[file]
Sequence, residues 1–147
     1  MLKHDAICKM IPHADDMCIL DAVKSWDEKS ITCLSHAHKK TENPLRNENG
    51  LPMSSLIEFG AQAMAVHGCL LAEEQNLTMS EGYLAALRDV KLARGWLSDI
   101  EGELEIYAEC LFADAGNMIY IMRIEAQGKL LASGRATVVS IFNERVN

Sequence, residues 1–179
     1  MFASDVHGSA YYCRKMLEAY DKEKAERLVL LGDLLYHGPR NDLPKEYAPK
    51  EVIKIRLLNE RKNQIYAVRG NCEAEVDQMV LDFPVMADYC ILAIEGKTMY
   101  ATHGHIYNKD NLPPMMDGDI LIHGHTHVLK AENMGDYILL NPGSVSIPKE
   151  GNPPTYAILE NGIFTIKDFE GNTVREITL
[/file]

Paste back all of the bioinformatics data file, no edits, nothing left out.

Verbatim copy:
Sequence, residues 1–147
     1  MLKHDAICKM IPHADDMCIL DAVKSWDEKS ITCLSHAHKK TENPLRNENG
    51  LPMSSLIEFG AQAMAVHGCL LAEEQNLTMS EGYLAALRDV KLARGWLSDI
   101  EGELEIYAEC LFADAGNMIY IMRIEAQGKL LASGRATVVS IFNERVN

Sequence, residues 1–179
     1  MFASDVHGSA YYCRKMLEAY DKEKAERLVL LGDLLYHGPR NDLPKEYAPK
    51  EVIKIRLLNE RKNQIYAVRG NCEAEVDQMV LDFPVMADYC ILAIEGKTMY
   101  ATHGHIYNKD NLPPMMDGDI LIHGHTHVLK AENMGDYILL NPGSVSIPKE
   151  GNPPTYAILE NGIFTIKDFE GNTVREITL